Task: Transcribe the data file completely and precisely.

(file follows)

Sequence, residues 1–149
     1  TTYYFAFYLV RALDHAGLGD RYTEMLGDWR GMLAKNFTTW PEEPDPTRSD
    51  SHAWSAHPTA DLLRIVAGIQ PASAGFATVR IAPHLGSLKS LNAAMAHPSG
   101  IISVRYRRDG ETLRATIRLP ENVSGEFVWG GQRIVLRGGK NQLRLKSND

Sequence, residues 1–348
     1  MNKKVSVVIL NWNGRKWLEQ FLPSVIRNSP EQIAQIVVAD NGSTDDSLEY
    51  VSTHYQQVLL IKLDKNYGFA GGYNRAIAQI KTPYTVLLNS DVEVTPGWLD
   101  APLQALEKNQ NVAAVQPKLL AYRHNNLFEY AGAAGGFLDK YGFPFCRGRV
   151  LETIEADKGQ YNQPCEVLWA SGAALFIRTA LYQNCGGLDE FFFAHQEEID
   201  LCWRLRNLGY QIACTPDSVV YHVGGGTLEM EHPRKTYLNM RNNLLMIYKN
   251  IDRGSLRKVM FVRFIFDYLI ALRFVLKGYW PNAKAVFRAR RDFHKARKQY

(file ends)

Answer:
Sequence, residues 1–149
     1  TTYYFAFYLV RALDHAGLGD RYTEMLGDWR GMLAKNFTTW PEEPDPTRSD
    51  SHAWSAHPTA DLLRIVAGIQ PASAGFATVR IAPHLGSLKS LNAAMAHPSG
   101  IISVRYRRDG ETLRATIRLP ENVSGEFVWG GQRIVLRGGK NQLRLKSND

Sequence, residues 1–348
     1  MNKKVSVVIL NWNGRKWLEQ FLPSVIRNSP EQIAQIVVAD NGSTDDSLEY
    51  VSTHYQQVLL IKLDKNYGFA GGYNRAIAQI KTPYTVLLNS DVEVTPGWLD
   101  APLQALEKNQ NVAAVQPKLL AYRHNNLFEY AGAAGGFLDK YGFPFCRGRV
   151  LETIEADKGQ YNQPCEVLWA SGAALFIRTA LYQNCGGLDE FFFAHQEEID
   201  LCWRLRNLGY QIACTPDSVV YHVGGGTLEM EHPRKTYLNM RNNLLMIYKN
   251  IDRGSLRKVM FVRFIFDYLI ALRFVLKGYW PNAKAVFRAR RDFHKARKQY